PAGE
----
Internal layout ideas for upstairs

In general, most people go for a bedroom in the upper half of their new extension. However, there’s no rule that says you have to do that.

Here’s another way to think about it: you could use it for a second bathroom; a playroom or nursery if you have or are planning to have children; an office or study or even a little library. 

In fact, you might even want the new space to connect to an existing room either in the form of an en-suite bathroom for the master bedroom or just to give you more space in an existing bedroom, bathroom or playroom. 

Bifolding vs sliding doors for double-storey extensions

One of the wonderful things about double-storey extensions is that you can tailor them to your needs and desires. That’s why finding the right doors is so important.

That is why one of the many things you’ll get to choose when you’re planning your double-storey extension is what sort of doors you prefer: bifolding doors or sliding doors.

Now consider it this way: bifolding doors are more unusual and require you to keep the area around the door clear on both sides so you can open them fully.

On the other hand, sliding doors are glass panels that roll along wheels at the top and the bottom so you can open the space between rooms or into the garden cleanly and easily. 

Charming Victorian-style tripe-storey house, featuring a glass conservatory, surrounded by a well-manicured garden with lush greenery and flowering plants, showcasing a classic architectural beauty.

Before double-storey extension

Modern double-storey rear house extension with a sleek black design, featuring large glass windows and a roof skylight, integrated with a traditional Victorian brick house set in a lush garden with mature trees.

After double-storey extension

Exterior materials of your double storey extension

One of the fun things about a double-storey extension is that you don’t have to make it match with the rest of your house. Yes, you read that right!

Some homeowners use the same materials, and it does look great, but you can also try new materials for the contrast and look into new, environmentally friendly options or affordable metal cladding options that might suit your needs even better. 

For example, you may consider using bamboo for the outer walls and topping your extension with a green roof.

Alternatively, you can use reclaimed timber or brick, which will both help the planet and give your extension a bit of character. With reclaimed timber, you’ll also avoid one of the drawbacks of using wood on the exterior, which is the uncertainty about how it will age and the fear that what looks great when newly built will look shabby within a few years.

Or, you may consider using metal cladding such as steel cladding, aluminium cladding, zinc cladding or copper cladding to achieve a suberb look and great durability for a stunning two storey extension.

Elegant three-storey red brick house with tiled gable roof, dormer windows, and a spacious white-trimmed patio, surrounded by manicured hedges and mature trees, with a clear sky in the background.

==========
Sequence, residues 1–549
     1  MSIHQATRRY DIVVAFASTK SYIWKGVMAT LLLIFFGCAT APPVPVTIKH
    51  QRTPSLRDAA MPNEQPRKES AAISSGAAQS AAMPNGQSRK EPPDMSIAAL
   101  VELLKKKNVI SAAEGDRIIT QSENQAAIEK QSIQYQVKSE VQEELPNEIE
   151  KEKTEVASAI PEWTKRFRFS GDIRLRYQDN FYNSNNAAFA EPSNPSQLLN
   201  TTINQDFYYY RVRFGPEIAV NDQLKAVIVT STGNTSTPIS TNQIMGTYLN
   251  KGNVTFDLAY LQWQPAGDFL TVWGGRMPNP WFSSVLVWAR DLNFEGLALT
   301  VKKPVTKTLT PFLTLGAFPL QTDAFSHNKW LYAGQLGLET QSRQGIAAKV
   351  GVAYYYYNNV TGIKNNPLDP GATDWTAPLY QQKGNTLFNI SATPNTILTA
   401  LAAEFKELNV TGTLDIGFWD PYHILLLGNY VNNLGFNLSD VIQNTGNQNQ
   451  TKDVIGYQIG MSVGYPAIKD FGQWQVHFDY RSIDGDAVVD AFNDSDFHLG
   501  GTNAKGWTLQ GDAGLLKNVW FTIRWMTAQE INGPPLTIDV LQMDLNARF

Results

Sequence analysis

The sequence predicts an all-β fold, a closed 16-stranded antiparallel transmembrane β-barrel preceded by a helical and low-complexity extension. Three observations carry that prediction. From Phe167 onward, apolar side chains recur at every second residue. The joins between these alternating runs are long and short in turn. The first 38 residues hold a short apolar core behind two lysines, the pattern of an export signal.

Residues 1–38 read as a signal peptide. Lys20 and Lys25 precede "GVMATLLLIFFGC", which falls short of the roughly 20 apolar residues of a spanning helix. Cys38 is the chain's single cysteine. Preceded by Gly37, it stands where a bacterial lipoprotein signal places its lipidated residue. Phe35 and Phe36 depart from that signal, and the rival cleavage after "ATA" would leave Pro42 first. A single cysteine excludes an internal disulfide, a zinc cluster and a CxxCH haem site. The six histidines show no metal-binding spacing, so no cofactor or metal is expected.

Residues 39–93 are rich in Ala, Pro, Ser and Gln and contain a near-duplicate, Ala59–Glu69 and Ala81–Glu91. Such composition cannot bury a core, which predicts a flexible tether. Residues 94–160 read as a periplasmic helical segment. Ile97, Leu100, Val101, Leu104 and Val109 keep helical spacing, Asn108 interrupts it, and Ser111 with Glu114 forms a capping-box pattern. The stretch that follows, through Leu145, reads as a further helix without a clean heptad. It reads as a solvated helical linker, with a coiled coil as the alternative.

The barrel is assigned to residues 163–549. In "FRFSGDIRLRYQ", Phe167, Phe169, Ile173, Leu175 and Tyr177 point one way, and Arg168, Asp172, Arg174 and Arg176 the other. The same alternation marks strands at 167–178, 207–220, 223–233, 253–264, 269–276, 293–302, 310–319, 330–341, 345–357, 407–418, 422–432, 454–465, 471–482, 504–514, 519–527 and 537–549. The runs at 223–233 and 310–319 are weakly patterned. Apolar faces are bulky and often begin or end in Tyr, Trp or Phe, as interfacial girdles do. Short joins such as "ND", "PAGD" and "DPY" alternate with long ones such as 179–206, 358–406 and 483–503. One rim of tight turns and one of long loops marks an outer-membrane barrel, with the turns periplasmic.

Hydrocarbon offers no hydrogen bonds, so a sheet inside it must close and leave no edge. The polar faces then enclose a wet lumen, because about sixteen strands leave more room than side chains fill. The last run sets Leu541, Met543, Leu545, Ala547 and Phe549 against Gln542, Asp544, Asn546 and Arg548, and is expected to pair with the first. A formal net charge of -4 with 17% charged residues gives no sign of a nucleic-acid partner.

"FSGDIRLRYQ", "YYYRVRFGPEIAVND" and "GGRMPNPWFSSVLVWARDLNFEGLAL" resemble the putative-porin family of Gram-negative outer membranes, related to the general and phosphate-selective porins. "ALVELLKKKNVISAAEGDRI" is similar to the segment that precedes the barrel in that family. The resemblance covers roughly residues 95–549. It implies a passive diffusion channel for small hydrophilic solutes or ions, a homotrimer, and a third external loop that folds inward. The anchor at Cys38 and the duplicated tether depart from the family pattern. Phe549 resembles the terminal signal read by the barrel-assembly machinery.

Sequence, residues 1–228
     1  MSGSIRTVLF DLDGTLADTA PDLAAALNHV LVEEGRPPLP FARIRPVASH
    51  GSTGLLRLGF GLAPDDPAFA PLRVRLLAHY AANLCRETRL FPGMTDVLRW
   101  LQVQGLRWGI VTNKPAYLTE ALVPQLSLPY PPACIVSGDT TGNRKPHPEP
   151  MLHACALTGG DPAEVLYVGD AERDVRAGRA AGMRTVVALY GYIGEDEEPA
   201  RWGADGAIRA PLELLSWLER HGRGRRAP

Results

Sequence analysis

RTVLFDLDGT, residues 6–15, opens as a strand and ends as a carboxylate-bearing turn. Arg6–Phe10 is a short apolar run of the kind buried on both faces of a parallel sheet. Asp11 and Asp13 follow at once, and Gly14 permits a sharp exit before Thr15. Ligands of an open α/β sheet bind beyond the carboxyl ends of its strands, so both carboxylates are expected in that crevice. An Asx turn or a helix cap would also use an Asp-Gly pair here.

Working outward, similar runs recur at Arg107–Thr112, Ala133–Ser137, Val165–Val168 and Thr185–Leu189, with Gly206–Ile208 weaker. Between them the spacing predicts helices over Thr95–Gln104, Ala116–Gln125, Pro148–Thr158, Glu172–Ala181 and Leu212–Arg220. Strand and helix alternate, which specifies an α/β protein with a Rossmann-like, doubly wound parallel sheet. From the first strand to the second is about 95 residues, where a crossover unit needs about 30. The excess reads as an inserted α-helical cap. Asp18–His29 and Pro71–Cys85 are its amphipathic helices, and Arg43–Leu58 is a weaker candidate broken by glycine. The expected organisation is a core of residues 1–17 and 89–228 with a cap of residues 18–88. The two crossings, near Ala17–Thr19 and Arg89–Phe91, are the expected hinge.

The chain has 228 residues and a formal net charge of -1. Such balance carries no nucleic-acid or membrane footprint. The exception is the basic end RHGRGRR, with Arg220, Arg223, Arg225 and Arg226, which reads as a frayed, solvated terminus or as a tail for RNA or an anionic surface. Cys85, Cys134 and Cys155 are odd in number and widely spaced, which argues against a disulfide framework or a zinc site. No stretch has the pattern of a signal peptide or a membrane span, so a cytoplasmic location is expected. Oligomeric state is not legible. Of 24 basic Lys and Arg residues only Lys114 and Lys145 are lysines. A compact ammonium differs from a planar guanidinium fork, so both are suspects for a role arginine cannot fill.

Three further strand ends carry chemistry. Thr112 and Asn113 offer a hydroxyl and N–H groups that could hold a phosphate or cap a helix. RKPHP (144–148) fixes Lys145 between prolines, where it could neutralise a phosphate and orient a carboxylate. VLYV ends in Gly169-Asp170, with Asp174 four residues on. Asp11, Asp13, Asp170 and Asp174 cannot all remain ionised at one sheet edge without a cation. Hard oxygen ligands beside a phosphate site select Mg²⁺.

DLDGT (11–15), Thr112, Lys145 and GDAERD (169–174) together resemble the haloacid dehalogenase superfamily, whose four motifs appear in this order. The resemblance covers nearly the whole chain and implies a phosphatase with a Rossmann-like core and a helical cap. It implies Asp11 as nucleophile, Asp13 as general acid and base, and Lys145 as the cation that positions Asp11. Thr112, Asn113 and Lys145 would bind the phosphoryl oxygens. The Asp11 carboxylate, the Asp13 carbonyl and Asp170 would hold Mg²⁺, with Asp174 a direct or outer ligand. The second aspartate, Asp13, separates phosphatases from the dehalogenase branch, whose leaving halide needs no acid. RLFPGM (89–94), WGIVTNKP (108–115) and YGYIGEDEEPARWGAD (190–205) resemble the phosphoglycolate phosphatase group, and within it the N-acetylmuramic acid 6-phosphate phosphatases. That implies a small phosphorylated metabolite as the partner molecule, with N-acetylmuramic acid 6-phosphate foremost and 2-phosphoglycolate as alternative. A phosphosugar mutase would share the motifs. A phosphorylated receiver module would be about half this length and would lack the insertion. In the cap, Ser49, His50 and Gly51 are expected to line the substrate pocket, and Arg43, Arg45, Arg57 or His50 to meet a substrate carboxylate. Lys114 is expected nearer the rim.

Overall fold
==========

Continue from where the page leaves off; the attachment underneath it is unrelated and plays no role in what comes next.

Adding a two-storey extension to a detached house

The simple truth is, it is usually easiest to add a large two storey extension to a detached house. It won’t disturb the neighbours as much, and you can choose between a rear double-storey extension or a side double-storey extension.

Quite simply, your options for doing something large and complicated – if that’s what you are thinking of – are much greater. With a detached house, there’s more chance that you will get exactly what you want – with other property types, you would need to make more compromises.

Even so, it can pay off not to be too set in your ideas – your architect might be able to design a beautiful double-storey house extension for your detached house that can save you money or give you something that works much better with the rest of the house than your initial plans.  

Adding a two-storey extension to a semi-detached house

There are still plenty of choices for adding a two-storey extension to a semi-detached house. You can have a double-storey rear extension or a double-storey side extension on the part of your house that is not attached. 

Needless to say, it will be more intrusive for your neighbours than if you had a detached house, so you should pay close attention to any loss of light or overshadowing you might be causing the next-door house. 

If you are thinking of a side extension, you need to consider whether the council will mind that you are disturbing the symmetry of the pair of semi-detached houses. Before you commit to the idea, have a walk up and down the length of your street to see if there are many similar examples. Then check if they were approved for planning permission in recent years.

Of course, your neighbours might have already extended out to the side, in which case you would only be matching them. The potential issue there is the council worrying that a group of semi-detached houses are turning into a terrace. For all those reasons, a double-storey side extension can sometimes be a harder sell to the council than one to the rear, although we still frequently secure planning permission for difficult house extensions.

Adding a two-storey extension to a terraced house

This is the most difficult, but don’t let that put you off: most architects love the challenge!